County Public Health Officer Wilma Wooten. (County of San Diego)
Face Coverings still needed
(June 11) As people head back to work or resume some of their normal activities, San Diego County health officials are reminding the public to continue doing three things to prevent a surge of COVID-19: wear a face covering, keep their distance from others and wash their hands regularly.
(Three more cases of COVID-19 were reported in the 92131 ZIP Code area by the County of San Diego today alone. Scripps Ranch now has a total of 23 cases. The cases reported are based on the ZIP Code area in which the patients reside.)
Research has shown that when face coverings are used properly, they reduce transmission of the novel coronavirus. Maintaining physical distance from other people does, too.
The latest is a Centers for Disease Control and Prevention study of sailors at the aircraft carrier Theodore Roosevelt which showed that sailors who used a face covering and practiced social distancing had a lower infection rate.
“We now have more scientific evidence that face coverings prevent the spread of COVID-19,” said Wilma Wooten, M.D., M.P.H., County public health officer. “When people are in public the risk of exposure is higher so they should wear a face covering, especially when they’re within six feet from others.”
Face coverings are important because they disrupt the trajectory of droplets when people cough or sneeze. Also, people can have COVID-19 and transmit the virus, but not have any symptoms.
In addition to the CDC, the World Health Organization is also now recommending that people wear a face covering when in public and close to others.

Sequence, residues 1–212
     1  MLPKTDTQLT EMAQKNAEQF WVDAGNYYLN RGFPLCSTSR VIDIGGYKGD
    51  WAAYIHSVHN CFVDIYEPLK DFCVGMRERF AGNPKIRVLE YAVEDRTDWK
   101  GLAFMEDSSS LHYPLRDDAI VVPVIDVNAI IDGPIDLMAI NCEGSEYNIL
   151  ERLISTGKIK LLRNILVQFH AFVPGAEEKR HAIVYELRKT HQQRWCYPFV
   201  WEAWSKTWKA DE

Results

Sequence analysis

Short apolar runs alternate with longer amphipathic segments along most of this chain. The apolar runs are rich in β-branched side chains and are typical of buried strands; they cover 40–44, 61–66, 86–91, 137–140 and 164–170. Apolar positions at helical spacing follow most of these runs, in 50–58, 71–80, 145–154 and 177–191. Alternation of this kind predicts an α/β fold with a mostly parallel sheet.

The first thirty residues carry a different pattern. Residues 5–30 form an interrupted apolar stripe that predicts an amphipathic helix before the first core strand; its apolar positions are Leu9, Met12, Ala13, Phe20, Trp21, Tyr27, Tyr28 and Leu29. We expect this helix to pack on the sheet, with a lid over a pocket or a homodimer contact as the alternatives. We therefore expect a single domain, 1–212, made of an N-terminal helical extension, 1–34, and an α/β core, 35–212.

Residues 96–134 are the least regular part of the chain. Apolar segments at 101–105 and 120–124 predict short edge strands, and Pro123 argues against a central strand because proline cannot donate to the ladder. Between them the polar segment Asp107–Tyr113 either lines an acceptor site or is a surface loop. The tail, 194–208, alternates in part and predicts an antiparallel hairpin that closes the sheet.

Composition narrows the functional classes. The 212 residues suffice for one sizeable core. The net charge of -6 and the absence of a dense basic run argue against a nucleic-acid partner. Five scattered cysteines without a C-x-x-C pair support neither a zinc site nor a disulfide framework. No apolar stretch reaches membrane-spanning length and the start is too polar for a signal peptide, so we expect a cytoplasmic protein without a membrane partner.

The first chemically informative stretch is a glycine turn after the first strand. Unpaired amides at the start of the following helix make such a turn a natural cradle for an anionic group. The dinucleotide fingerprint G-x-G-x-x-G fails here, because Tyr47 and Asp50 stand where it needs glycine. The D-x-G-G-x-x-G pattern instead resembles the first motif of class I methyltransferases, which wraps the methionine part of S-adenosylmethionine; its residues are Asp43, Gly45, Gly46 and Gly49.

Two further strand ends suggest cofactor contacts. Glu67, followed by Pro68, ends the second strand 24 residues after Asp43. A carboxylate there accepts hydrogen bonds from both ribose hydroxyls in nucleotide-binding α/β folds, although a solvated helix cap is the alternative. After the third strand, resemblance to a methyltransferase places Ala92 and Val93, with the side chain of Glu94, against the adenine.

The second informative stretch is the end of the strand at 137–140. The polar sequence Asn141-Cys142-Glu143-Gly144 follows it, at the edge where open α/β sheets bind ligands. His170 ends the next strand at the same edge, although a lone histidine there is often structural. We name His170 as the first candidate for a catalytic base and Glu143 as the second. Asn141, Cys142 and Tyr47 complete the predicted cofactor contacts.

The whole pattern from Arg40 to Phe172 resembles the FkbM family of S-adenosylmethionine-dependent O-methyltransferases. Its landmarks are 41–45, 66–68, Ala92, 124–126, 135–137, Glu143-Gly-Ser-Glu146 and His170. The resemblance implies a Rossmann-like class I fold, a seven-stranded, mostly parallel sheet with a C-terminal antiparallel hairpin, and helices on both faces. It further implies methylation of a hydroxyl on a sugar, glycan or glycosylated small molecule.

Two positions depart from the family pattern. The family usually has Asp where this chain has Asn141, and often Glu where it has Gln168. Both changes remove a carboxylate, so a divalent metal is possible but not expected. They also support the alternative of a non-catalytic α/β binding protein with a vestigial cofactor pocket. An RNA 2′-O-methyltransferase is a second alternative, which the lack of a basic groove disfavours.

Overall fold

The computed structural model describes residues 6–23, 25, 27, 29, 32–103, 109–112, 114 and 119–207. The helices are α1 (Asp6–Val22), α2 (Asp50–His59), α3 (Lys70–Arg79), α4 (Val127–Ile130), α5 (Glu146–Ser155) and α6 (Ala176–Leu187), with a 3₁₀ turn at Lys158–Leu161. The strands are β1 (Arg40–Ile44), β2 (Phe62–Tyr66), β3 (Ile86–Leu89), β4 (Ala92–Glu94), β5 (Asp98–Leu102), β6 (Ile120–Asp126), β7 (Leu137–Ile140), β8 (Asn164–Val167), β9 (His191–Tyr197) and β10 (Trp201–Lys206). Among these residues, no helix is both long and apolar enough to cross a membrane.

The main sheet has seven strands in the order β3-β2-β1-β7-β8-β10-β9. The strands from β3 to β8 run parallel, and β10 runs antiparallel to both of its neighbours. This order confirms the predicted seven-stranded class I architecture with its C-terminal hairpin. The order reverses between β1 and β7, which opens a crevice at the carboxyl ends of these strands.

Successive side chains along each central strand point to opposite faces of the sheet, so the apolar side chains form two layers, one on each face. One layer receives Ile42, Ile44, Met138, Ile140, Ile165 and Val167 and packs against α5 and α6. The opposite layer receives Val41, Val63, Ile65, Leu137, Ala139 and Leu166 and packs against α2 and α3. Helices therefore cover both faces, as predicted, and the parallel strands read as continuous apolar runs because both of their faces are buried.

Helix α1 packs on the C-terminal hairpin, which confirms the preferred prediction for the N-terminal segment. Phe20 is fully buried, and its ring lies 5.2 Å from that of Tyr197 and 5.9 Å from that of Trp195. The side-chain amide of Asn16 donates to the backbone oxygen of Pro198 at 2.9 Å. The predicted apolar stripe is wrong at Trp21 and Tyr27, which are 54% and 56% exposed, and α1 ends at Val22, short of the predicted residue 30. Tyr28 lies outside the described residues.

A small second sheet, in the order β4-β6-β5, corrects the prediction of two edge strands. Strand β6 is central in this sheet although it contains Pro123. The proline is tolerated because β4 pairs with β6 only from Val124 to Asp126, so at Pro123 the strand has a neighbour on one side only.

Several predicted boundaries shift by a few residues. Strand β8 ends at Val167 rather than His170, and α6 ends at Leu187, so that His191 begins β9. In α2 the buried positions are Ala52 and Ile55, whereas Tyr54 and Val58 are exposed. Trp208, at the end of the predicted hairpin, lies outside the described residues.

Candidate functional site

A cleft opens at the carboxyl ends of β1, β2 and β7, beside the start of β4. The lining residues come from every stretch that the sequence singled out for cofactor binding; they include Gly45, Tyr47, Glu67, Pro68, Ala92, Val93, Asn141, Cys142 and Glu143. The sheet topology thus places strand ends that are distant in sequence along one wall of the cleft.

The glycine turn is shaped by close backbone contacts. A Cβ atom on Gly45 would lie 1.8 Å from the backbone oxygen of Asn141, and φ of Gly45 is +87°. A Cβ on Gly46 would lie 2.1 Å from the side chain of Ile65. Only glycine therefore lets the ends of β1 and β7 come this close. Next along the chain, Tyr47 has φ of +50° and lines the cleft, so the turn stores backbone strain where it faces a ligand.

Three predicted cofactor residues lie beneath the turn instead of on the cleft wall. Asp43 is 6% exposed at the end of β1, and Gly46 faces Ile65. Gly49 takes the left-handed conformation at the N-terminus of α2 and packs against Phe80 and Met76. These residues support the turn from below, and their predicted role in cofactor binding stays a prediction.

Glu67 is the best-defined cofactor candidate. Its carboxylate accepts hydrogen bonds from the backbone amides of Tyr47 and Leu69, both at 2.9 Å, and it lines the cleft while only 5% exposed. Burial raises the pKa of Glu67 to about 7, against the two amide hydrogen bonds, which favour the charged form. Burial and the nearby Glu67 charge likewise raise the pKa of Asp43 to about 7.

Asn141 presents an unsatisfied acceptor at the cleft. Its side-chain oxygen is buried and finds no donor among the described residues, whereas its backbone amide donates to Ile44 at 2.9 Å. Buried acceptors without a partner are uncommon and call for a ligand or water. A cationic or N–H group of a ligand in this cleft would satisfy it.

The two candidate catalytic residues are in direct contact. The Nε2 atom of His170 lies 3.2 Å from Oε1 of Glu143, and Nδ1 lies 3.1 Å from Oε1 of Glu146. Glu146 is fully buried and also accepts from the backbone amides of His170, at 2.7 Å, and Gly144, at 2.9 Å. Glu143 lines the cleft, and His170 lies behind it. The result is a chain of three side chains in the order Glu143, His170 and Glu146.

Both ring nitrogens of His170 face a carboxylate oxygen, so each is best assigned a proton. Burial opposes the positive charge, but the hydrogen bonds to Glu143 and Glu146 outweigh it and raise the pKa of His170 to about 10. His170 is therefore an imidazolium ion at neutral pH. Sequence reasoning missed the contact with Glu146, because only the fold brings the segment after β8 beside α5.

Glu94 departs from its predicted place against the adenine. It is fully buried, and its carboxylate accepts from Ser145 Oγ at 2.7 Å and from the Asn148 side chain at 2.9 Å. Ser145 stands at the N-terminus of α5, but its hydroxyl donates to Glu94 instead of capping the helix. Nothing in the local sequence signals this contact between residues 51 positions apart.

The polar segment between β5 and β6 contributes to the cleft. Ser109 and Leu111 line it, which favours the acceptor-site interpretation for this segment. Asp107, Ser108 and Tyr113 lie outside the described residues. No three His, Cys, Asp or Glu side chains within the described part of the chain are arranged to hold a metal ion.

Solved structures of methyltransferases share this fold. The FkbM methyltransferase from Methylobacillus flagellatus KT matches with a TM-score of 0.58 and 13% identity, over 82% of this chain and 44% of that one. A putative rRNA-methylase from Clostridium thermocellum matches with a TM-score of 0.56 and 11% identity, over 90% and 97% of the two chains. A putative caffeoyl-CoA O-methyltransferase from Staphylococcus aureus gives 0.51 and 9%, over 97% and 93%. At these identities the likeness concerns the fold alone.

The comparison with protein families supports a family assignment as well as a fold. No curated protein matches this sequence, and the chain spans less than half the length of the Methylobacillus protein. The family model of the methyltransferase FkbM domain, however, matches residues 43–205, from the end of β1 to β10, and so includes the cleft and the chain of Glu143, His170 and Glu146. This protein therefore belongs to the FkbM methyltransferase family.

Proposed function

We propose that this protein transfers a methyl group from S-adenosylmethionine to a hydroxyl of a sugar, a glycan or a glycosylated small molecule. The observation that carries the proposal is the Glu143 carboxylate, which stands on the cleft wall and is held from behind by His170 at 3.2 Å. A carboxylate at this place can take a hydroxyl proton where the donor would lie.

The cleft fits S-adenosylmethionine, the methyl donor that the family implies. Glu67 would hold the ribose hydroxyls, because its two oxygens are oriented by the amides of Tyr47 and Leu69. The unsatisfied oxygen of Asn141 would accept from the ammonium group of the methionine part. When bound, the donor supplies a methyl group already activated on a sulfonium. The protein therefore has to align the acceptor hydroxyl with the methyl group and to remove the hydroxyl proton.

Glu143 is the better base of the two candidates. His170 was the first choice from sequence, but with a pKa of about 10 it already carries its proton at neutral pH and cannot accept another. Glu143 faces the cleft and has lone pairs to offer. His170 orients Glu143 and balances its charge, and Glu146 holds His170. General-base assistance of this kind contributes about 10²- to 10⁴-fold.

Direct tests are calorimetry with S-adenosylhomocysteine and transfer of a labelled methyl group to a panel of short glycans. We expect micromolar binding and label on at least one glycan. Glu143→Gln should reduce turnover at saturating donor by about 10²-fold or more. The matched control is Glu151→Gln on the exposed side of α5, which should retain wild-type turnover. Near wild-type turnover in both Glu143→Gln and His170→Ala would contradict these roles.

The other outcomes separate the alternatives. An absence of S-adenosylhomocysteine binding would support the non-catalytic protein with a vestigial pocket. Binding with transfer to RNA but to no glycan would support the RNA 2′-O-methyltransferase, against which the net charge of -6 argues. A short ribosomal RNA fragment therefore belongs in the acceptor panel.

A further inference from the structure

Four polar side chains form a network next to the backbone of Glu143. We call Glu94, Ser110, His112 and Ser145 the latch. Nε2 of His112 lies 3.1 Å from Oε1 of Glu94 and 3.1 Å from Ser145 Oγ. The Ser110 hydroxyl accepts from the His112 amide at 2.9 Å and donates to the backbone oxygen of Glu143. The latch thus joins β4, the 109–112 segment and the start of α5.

In San Diego County, about 10 percent of all the people who tested positive for COVID-19 had no symptoms, which means they could have been unknowingly transmitting the virus to others.
Furthermore, adjacent counties and states have seen an increase in cases.
If San Diegans fail to heed the public health advice, the region could experience an increase in cases which would require the County to slow, stop or dial back the reopening of the local economy.
“When you wear a face covering, you protect those around you. When others use a face covering, they protect you,” Wooten said. “The COVID-19 pandemic is not over and this dangerous virus remains in circulation throughout the community. People should not get complacent and continue heeding the guidance given to protect themselves and others.”
The County’s local Health Officer Order requires San Diegans to wear a face covering when in public and less than six feet from others, or any time they enter a business, except when its use is prevented by a medical condition.
Face coverings will be required in public until further notice.
“People who choose not to wear face coverings should stay home. They may be cited and denied access to businesses, transit or recreational areas,” said Wooten, adding that people should also wash their hands properly and regularly to prevent the spread of COVID-19.